Right Move, Wrong Reason

This much is good: The Orange County Transportation Authority decided against sending out another mailer touting CenterLine right before Irvine residents start voting on the proposed rail project. OCTA was showered with complaints from opponents about the first rosily worded brochure and decided not to chance a backlash among Irvine voters. If only the board and its top staff had taken to heart the more important lesson that these mailers are wrongheaded and quite possibly illegal.

The California Supreme Court made it clear in 1976 that governments can’t use taxpayer money to sway taxpayer votes. Government exists to serve the public will after elections, not to influence the elections. That decision had a profound effect in Orange County when supervisors planned to put a commercial airport at El Toro.

Airport opponents successfully sued in 2001 to block supervisors from spending $8 million on a so-called Just the Facts campaign about their plans. Voters could have bet that the “facts” would have been a one-sided campaign promoting the benefits of a large airport.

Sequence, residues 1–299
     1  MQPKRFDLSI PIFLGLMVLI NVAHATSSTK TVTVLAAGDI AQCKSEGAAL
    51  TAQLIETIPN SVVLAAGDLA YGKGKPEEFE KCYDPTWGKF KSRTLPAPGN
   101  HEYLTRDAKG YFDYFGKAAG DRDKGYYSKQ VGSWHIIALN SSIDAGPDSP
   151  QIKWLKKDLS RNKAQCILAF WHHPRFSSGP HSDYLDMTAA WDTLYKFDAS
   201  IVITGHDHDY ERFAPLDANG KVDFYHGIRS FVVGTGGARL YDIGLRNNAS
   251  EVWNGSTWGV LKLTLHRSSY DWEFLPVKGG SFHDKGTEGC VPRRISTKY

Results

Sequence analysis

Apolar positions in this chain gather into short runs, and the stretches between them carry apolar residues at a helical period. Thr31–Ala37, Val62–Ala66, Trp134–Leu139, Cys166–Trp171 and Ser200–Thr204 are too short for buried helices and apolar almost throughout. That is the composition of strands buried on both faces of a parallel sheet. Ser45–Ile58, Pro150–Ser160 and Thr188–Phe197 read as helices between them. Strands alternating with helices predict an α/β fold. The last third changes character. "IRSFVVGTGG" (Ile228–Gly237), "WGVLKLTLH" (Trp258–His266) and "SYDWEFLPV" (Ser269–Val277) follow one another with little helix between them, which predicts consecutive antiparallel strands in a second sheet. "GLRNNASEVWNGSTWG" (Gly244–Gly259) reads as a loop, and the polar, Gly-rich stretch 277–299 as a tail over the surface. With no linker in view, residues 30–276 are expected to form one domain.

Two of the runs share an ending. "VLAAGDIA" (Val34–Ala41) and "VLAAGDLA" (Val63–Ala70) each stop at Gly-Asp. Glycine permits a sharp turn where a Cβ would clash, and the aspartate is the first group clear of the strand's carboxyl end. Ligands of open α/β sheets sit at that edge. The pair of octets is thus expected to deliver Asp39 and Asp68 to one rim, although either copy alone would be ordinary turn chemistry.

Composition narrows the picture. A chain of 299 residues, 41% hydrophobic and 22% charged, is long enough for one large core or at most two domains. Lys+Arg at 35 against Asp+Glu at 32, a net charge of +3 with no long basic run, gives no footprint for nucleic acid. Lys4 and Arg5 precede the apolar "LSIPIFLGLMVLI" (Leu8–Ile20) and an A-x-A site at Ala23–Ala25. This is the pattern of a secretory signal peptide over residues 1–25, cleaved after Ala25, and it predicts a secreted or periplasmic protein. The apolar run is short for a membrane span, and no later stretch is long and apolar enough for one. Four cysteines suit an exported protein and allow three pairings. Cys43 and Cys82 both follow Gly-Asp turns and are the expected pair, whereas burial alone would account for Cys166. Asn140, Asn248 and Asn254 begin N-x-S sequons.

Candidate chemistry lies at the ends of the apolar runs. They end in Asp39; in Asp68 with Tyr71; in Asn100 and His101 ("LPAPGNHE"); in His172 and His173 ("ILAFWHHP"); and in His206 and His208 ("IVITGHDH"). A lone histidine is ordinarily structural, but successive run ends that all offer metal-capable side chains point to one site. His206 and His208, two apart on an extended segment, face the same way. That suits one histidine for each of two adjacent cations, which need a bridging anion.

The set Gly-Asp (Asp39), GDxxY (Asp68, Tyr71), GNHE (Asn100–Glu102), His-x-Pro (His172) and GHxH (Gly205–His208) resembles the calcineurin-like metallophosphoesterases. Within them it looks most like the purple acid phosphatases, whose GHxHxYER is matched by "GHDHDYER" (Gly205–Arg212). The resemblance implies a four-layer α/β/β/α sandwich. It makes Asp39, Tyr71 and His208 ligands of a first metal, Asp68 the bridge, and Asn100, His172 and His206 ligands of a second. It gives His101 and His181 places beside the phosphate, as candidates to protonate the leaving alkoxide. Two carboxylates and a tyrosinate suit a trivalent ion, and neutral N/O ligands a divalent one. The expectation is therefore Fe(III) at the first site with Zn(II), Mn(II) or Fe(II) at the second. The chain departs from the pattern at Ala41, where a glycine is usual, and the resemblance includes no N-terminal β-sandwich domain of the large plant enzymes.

Likewise, OCTA sent out “informational” mailers two weeks ago in Irvine, where absentee balloting starts Monday on the proposed stretch of CenterLine that would run from UC Irvine to John Wayne Airport before continuing on to Santa Ana. Voters go to the polls June 3.


Wouldn’t you know, the “information” included nothing about opponents’ concerns or the current $1.4-billion price tag. OCTA instead invited residents to open houses and offered glowing snippets on a “modern light rail that will offer tremendous benefits to the residents of Irvine” and “protect neighborhoods from noise.”

OCTA Chief Executive Arthur T. Leahy isn’t conceding that the agency made any mistakes with the mailer. OCTA was just informing the public, as the law requires, he said.

In fairness, OCTA approved spending $28,000 for the mailers before the Irvine City Council’s February decision to place two measures on the ballot so voters could decide whether they wanted the rail line. But the board should have pulled the mailers back once the vote was in the offing.

CenterLine is a well-intentioned project that could begin to crack the gridlock predicted for many Orange County roads -- or not. There are valid arguments and concerns on both sides. Two county grand juries reached dramatically different conclusions about the proposed rail line.

To make intelligent decisions about CenterLine, Irvine residents need more, and more balanced, information about the light-rail proposal, not less of it. If OCTA were truly concerned about providing residents the full range of facts, it would have provided it.